The Kazangulu land clearance in Zambia ... by I.P.A. Manning

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Villagers await big business

On 2 April 2011, President Banda witnessed the signing of an MoU between the Zambia Development Agency (ZDA) and AG-Zam, a South Africa Company. According to their manager, the company will start the planting of sugar cane in the ‘next 21 days’. The ZDA states that AG-ZAM will produce 200,000 tonnes of sugar and 28 million litres of bio-ethanol per year, create 4,000 jobs, the company cultivating 15,000 hectares for itself and 3,000 hectares for villager out-growers.

No EIA detailing the impacts of land clearing, water extraction and social impacts for the scheme has been lodged with the National Environmental Council of Zambia. And it is not clear whether the customary residents were properly consulted and informed by their chief and the Government. There is certainly no sign of any co-operative or statutory community trust being formed. It therefore appears highly likely that the President has given the scheme the go-ahead in some haste - given the looming party elections. The carrot, of course, was the promise to create thousands of jobs under an outgrower scheme producing a product purely for export. And the chiefs involved clearly were suitably persuaded.

Ordinarily, the President of Zambia, in whom all land is vested, cannot, according to the Lands Act, alienate customary land unless it is with the Chief’s and the local authority’s consent, and only after consulting affected bodies or persons, and – in the case of GMAs - the Zambia Wildlife Authority (ZAWA). Article 16 of the Constitution forbids the compulsory seizure of state land or acquiring it in the absence of the authority of the law. This is laid out in the Lands (Compulsory Acquisition) Act of 1970 (Cap 189), which the President uses to acquire alienated land for public interest. Customary law does not have the same powers - the chief having to ask for it from the subject in question. In this respect, customary tenure enjoys superiority relative to leasehold in protecting the rights of customary landholders.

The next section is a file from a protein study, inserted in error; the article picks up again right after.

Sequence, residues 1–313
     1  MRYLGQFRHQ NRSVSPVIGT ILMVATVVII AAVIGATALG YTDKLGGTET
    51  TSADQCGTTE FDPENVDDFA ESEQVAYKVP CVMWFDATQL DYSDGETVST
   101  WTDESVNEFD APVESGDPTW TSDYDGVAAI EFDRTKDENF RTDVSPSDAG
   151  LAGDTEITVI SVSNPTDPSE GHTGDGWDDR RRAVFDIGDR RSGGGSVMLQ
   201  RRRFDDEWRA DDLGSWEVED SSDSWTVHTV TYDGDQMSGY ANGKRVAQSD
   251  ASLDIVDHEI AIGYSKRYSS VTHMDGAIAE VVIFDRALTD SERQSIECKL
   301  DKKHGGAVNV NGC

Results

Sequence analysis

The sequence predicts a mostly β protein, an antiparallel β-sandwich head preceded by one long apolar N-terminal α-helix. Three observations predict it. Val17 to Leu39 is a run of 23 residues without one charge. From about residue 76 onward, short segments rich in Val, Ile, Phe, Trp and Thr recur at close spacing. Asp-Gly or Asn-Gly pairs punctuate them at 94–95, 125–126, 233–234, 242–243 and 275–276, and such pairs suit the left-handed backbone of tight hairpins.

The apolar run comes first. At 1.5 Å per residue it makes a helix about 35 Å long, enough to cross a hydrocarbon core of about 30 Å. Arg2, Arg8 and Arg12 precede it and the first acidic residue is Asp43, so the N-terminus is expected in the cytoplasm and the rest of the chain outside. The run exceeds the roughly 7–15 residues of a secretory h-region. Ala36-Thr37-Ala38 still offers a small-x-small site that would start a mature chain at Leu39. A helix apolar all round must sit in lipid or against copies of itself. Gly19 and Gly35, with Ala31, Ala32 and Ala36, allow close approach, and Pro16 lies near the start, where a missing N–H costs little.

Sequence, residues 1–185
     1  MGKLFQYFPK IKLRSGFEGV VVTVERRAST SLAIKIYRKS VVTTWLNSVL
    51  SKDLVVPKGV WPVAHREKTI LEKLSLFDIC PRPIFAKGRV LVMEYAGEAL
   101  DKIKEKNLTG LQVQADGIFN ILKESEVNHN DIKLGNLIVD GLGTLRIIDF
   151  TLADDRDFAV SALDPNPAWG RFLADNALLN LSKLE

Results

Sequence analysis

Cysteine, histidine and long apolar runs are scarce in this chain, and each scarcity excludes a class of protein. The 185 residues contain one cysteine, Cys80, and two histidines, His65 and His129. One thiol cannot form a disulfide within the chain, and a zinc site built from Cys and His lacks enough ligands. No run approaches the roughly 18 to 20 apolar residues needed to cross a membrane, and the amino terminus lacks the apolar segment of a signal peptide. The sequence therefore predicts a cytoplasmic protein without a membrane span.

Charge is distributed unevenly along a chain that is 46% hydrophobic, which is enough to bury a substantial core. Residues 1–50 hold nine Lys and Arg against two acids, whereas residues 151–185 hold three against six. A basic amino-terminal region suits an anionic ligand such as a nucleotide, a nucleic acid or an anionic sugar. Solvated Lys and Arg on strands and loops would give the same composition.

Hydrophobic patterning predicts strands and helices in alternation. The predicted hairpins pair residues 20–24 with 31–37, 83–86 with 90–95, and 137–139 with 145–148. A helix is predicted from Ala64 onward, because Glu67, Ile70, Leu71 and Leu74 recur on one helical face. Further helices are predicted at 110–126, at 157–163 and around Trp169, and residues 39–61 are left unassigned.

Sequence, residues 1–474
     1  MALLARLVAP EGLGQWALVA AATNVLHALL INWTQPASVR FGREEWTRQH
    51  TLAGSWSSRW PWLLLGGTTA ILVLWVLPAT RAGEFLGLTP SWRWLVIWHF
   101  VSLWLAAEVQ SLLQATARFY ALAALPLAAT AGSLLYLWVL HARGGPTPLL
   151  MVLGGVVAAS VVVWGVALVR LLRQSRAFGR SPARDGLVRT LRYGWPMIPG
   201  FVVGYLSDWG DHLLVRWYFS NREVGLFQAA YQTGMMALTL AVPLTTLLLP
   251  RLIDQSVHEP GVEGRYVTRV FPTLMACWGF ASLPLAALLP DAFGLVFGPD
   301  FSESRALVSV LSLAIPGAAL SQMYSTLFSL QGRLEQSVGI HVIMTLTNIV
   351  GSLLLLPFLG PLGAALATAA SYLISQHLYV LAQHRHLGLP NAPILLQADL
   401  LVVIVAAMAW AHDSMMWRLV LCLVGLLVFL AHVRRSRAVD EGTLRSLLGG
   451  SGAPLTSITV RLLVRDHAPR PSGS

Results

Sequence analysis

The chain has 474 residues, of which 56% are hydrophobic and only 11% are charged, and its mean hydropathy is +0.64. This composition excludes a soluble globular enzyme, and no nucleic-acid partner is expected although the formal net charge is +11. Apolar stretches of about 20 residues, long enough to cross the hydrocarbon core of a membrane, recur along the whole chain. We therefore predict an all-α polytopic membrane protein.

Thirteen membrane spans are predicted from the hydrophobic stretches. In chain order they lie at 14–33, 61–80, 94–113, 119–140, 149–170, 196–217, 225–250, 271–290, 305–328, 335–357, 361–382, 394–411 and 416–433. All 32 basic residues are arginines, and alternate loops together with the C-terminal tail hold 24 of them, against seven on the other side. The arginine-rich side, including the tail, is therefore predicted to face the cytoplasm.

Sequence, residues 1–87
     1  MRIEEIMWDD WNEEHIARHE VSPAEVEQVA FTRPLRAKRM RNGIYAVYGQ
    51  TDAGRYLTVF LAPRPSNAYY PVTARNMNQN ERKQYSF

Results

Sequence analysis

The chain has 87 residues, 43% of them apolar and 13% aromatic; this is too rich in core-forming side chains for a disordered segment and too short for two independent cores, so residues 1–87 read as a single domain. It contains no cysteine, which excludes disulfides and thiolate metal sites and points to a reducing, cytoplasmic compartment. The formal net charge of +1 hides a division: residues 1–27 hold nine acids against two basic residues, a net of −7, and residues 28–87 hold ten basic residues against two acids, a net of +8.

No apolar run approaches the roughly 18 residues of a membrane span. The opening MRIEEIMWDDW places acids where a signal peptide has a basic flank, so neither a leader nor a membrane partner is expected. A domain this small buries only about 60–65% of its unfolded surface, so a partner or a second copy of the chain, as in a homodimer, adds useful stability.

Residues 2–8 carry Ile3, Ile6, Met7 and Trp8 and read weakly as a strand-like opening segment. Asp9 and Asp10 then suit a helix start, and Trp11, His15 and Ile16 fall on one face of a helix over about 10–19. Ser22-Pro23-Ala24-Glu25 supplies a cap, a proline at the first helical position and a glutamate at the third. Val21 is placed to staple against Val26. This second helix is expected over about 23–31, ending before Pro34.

However, contrary to the Lands Act, and provided it is for agricultural development, the President can, under Article 16 (2) (ii), take or acquire land from its owner or occupier. Professor Michelo Hansungule of the University of Pretoria, in his analysis of Zambia’s Fifth National Development Plan in 2007, stated:

But the next paragraph is even more categorical in emphasising the overarching powers of the President on behalf of the State. In his bid to pursue the ends of a comprehensive land policy, the President can dispossess any occupier or owner of land, including the Chief, who enjoys rights in that land ‘and person claiming through and under them’ of the rights in that piece of land. It is remarkable these extensive provisions have not been used before by successive Presidents in customary areas. Nevertheless, the policy theme behind the clause is that in the interests of the public, the State should have higher hierarchy than the individual or even group of people as in customary areas

 And perhaps, because they will produce ethanol, the President has been advised that he can always fall back on the Land Acquisition Act of 1970 (Cap 189), allowing him to acquire land if required for petroleum production. Indeed the Petroleum (Exploration and Production) Act 2008 under Part VI, section 41, requires written consent from a chief for petroleum mining activities in his chiefdom, from the Forestry Department in protected forests, and from the Zambia Wildlife Authority in National Parks, the licence holder being able to obtain a lease from the chief or the Ministry of Tourism, Environment and Natural Resources should he so wish. But where the mining licencee causes damage he is not required to compensate anyone for the removal of timber on protected forest land (Cap 199), nor for damage to customary land (Cap 198), only on land alienated under the Lands Act of 1995.

So much power vested in one man.

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